What to read first: Next steps: How your unit might not deliver the outcomes
|New to this: This series assumes you have no prior knowledge. It does not use technical terms without explaining them first.|
‘A risk’ is one pathway by which something unpredictable could cause an unplanned outcome on an objective.
There’s nothing very new about that idea of ‘a risk’, but it differs from casual usage where something called ‘a risk’ could be one end of the pathway, or the other, but something less than the full pathway.
The common casual usage for ‘a risk’ is the threat of an unpredictable disruptive event – leaving the effect on outcomes unstated:
There is a risk of executive misappropriation fraud.
Another less common casual use of ‘a risk’ is the possibility of an intended outcome not being achieved – leaving the cause unstated.
There is a risk of a profit shortfall against forecast.
This example assumes that meeting the profit forecast is an objective.
The careful usage of ‘a risk’ in this guide refers to the full chain from the cause of uncertainty, through event(s) or invalid assumptions, to a difference in the outcome.
There could be a profit shortfall against forecast arising from executive misappropriation fraud on a big enough scale.
Elsewhere in Clear Lines on Audit and Risk, the term ‘risk scenario’ is used for this kind of chain. The term risk ‘scenario’ is used in ICT and security risk management for a fully described risk, though its meaning may be slightly different in different places.
‘A risk’ must recognise and identify:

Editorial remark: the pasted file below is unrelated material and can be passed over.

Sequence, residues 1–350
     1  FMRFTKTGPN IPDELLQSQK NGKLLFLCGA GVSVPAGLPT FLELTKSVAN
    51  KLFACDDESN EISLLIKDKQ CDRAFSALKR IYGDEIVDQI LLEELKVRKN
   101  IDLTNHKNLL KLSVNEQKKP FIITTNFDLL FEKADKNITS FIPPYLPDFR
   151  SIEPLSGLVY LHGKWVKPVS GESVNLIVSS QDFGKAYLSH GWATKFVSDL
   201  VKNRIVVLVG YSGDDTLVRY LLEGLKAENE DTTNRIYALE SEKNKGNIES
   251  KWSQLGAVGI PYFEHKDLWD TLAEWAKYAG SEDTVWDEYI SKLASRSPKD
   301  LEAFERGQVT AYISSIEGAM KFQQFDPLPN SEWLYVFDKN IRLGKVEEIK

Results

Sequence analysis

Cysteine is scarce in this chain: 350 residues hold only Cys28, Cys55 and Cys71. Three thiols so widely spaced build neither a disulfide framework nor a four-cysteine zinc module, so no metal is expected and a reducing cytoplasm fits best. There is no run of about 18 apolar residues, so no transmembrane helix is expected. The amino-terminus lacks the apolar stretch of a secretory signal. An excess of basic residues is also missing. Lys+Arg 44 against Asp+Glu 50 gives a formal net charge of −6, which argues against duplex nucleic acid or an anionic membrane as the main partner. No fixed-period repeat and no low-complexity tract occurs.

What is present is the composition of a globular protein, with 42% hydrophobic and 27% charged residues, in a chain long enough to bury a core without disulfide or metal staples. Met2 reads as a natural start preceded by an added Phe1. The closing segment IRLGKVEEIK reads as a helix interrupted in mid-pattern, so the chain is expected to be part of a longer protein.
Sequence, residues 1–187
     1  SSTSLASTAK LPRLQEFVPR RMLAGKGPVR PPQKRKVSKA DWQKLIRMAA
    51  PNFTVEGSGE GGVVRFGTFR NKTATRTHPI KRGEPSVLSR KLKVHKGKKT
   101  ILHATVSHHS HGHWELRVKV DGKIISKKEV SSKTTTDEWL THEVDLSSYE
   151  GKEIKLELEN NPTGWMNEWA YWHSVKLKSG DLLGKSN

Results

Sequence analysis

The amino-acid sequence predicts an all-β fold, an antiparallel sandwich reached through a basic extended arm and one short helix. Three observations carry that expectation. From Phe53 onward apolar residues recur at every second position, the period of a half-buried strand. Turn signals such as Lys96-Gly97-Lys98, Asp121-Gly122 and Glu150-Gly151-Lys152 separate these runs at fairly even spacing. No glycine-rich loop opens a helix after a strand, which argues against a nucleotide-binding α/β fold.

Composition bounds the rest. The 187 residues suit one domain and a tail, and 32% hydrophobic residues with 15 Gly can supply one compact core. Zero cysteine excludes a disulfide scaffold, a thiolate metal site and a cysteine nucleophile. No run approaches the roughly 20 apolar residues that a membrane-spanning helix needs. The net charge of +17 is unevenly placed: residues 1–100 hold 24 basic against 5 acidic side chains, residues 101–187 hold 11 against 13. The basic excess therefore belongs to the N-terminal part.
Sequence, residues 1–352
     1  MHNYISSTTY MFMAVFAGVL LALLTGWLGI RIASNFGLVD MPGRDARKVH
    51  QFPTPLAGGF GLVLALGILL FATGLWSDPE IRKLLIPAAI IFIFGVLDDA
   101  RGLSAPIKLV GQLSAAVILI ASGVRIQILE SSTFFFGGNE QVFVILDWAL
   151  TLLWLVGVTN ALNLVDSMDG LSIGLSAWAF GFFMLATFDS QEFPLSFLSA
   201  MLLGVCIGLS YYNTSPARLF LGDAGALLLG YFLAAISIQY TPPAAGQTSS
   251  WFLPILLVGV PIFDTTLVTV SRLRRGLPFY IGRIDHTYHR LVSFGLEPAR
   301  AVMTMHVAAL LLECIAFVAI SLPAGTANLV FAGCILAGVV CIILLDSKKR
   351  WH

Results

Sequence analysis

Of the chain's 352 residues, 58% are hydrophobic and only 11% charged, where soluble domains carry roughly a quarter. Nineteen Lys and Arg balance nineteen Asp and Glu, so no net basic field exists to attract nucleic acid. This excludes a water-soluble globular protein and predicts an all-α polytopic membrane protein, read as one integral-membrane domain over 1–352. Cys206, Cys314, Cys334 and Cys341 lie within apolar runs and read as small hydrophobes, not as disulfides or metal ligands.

- The chain of causation from an event or invalid assumption through to the difference in outcome.
- Why it is uncertain, but possible, that the event or mistake will happen and have that effect on the outcome. The source of uncertainty must be clear.
The difference in the outcome must be important within the objectives.
You have developed a range of outcome pictures for each objective.
‘A risk’ must include a reference to one of the (unplanned) outcomes for one of the objectives.
The ‘risk’ includes either an event or a mistaken assumption. These two possibilities reflect the inclusive term ‘uncertainty’ in the ISO definition of risk.
This definition of ‘a risk’ allows for unexpectedly beneficial possibilities. It links each risk to an unplanned outcome, not necessarily to a bad outcome. The unplanned outcome could be better than the planned or expected outcome on the same objective.
The ‘source of uncertainty’ is sometimes called a ‘hazard’ or ‘threat’. Those older terms do not adequately include ignorance as a source of uncertainty. They also imply that unexpected outcomes are always bad outcomes.
In business planning, the consequence of ‘a risk’ is a planning period outcome, and not just a short-term impact. A short-term impact might be dramatic, but does not necessarily lead to a better or worse outcome for the year. If the scenario consequence is only short term, you don’t have a risk to achieving the business plan.
This simple rule will make your assessment of risk massively simpler and quicker than it might otherwise have been. You won’t need to contemplate the whole universe of everything that can go wrong in your world. You will only need to think about how your business plan might not be achieved.
Formally, risks are more accurately understood as branching and overlapping chains of causes and effects. That kind of understanding is typically represented in diagrams such as the ‘fishbone’, ‘Ishikawa’, ‘bow tie’ or ‘fault tree’, often with numbers attached. Sometimes those numbers even mean something mathematically.
For business planning purposes, you won’t need that level of subtlety and precision. The only mathematics in this guide is adding up percentages. You need to know that an event does not of itself always affect the annual outcome directly, but may do so in combination with other factors or events in your world.